Date of Completion

7-2019

Document Type

Thesis

Degree Name

Grade 12

Keywords

Ipomoea aquatica Forsk, water spinach, chromium, lead, mercury, Heavy Metals, Phytoextraction, Open Canal Road, cadmium, Atomic Absorption Spectroscopy (AAS)

Abstract

In the Philippines, anthropogenic activities continue to pollute water and landforms. To resolve this, plants have been found to have abilities in extracting and distributing heavy metals to its organs. Ipomoea aquatica Forsk. (water spinach), a semi-aquatic vascular plant has shown potential in the phytoextraction of various heavy metals. This study aims to determine heavy metals present in the soil samples of Open Canal Road, Imus, Cavite; to identify certain heavy metals absorbed by the I. aquatica Forsk. (water spinach); and to determine if the heavy metal concentrations in the soil and plant samples are within permissible levels set by the World Health Organization (WHO). The research procedure included plant identification, water spinach and soil sample preparation, soil analysis, metal analysis using Atomic Absorption Spectroscopy (AAS) and Cold Vapor Technique (CVT), data gathering, and interpretation. From the analysis, high levels of lead were detected from the soil, 18.37 ppm; 4.42 ppm in leaves, 4.25 ppm in stems, and 4.33 ppm in roots of I. aquatica Forsk. (water spinach) samples. Mercury was detected with values of 0.03 ppm in the soil and throughout the plant organs. Cadmium and chromium were not detectable with values less than 0.01 ppm and 0.03 ppm, respectively. In comparison to the set standards of WHO, the levels of heavy metals in the soil and plant were considerably normal. Meanwhile, the amount of lead in the plant organs (roots, stems, leaves) is twice the acceptable level of 2.0 ppm; mercury levels exceeded the standard by 0.01 ppm. Nonetheless, its ability to be a phytoremediating agent for Lead and minimal amounts of Mercury for the canal is still feasible since it is able to translocate significant amounts of heavy metals throughout its plant organs.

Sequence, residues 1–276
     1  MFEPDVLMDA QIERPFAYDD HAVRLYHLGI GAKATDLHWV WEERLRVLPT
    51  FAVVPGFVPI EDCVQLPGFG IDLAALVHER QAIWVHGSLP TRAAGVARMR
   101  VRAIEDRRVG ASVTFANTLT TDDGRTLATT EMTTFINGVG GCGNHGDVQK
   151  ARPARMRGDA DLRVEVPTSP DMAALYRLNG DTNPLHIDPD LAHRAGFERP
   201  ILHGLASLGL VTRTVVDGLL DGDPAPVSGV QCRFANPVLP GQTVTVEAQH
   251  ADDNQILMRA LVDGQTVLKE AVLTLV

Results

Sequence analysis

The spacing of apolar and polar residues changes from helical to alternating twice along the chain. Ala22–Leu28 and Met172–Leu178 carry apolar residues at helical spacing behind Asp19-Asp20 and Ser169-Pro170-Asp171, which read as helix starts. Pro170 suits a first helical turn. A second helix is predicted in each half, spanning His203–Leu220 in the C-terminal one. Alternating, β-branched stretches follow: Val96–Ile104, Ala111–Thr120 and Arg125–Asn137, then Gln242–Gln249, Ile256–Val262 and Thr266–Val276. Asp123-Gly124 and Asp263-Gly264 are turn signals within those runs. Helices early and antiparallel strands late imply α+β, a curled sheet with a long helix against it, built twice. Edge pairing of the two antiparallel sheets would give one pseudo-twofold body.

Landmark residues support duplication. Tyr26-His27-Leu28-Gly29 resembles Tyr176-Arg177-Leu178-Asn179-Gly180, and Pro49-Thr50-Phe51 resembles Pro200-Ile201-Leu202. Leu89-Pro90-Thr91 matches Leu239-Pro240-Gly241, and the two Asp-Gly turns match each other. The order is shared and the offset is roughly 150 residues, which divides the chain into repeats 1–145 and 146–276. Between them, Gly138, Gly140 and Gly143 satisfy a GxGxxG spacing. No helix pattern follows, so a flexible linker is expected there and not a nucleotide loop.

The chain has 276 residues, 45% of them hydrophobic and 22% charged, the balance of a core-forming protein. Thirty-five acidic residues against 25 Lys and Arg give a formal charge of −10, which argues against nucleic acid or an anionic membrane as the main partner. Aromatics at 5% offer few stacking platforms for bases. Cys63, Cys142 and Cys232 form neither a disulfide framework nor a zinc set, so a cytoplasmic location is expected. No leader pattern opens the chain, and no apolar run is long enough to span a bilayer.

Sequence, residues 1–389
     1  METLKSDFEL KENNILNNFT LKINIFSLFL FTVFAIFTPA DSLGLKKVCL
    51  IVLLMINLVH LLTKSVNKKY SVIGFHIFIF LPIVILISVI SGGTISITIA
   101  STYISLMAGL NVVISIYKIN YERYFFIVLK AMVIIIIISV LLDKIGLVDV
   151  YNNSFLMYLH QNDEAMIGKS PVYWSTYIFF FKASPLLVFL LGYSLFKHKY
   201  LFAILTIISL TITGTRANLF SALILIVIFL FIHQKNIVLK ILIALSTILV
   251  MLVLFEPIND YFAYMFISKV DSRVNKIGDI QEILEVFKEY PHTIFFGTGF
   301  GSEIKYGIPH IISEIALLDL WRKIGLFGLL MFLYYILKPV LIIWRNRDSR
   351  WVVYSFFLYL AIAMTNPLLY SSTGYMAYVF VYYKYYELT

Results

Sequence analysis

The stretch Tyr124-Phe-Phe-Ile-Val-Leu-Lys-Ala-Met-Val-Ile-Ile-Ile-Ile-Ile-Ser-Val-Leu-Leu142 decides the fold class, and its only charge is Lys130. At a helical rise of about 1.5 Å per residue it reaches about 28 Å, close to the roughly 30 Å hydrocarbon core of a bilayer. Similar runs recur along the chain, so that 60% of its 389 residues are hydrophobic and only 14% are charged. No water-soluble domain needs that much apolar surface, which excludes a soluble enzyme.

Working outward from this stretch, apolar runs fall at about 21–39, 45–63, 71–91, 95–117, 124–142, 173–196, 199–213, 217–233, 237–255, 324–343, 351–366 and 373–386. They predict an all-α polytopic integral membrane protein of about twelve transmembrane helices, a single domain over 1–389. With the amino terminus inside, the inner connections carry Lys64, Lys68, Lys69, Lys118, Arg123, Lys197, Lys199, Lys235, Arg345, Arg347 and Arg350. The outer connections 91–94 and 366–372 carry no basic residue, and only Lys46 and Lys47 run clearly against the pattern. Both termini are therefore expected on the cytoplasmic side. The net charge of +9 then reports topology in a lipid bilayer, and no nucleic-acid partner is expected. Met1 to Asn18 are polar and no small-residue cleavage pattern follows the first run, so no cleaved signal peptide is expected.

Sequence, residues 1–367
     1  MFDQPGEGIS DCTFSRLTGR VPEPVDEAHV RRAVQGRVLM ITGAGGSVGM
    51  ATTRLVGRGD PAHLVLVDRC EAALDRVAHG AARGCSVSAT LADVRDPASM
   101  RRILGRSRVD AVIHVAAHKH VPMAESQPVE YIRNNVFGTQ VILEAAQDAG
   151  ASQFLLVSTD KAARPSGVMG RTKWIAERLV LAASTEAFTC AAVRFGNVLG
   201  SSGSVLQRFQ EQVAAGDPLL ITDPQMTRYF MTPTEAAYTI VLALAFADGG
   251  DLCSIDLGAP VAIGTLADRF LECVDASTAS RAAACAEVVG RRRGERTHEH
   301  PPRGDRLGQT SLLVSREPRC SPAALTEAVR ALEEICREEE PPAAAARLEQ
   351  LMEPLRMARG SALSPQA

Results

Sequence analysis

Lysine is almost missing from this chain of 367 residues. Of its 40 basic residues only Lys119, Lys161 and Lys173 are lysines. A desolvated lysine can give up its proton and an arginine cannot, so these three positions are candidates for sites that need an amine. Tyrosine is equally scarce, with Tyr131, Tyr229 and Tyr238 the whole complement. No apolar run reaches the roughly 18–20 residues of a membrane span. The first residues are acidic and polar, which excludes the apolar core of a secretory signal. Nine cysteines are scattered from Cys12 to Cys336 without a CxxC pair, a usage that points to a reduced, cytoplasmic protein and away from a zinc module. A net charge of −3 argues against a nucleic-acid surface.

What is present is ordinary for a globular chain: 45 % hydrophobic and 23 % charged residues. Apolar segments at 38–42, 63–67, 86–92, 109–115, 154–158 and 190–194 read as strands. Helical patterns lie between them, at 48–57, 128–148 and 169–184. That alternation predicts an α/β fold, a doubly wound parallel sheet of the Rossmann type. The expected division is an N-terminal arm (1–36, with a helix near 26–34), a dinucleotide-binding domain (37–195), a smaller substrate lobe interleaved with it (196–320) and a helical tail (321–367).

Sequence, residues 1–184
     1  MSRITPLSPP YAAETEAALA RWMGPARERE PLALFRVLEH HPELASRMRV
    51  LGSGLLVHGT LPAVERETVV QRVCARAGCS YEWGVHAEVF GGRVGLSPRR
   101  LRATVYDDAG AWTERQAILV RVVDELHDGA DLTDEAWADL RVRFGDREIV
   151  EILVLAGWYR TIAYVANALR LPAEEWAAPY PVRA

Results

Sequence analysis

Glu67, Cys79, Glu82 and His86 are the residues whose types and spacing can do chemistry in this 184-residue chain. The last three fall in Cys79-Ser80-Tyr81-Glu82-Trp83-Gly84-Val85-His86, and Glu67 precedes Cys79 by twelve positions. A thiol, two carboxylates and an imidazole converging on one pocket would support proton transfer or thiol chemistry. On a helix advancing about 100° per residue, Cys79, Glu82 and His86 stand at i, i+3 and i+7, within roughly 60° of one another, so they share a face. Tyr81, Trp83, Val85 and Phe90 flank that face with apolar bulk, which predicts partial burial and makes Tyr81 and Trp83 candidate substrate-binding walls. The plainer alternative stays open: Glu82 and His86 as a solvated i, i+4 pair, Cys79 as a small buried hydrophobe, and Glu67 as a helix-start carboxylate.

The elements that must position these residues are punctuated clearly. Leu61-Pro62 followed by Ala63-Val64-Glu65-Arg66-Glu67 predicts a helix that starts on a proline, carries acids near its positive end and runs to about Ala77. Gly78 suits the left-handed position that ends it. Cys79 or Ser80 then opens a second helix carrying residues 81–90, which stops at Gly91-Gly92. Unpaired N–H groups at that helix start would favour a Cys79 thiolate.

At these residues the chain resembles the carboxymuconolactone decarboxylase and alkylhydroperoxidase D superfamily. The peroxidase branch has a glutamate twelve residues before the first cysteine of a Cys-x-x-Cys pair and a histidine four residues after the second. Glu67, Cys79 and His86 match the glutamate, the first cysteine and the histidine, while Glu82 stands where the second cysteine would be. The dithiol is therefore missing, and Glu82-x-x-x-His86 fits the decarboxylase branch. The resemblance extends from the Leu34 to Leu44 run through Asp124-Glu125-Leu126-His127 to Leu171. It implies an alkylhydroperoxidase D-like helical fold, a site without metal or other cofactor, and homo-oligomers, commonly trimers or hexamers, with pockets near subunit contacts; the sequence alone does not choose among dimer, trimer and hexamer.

First Advisor

Myra Michelle M. Mojica

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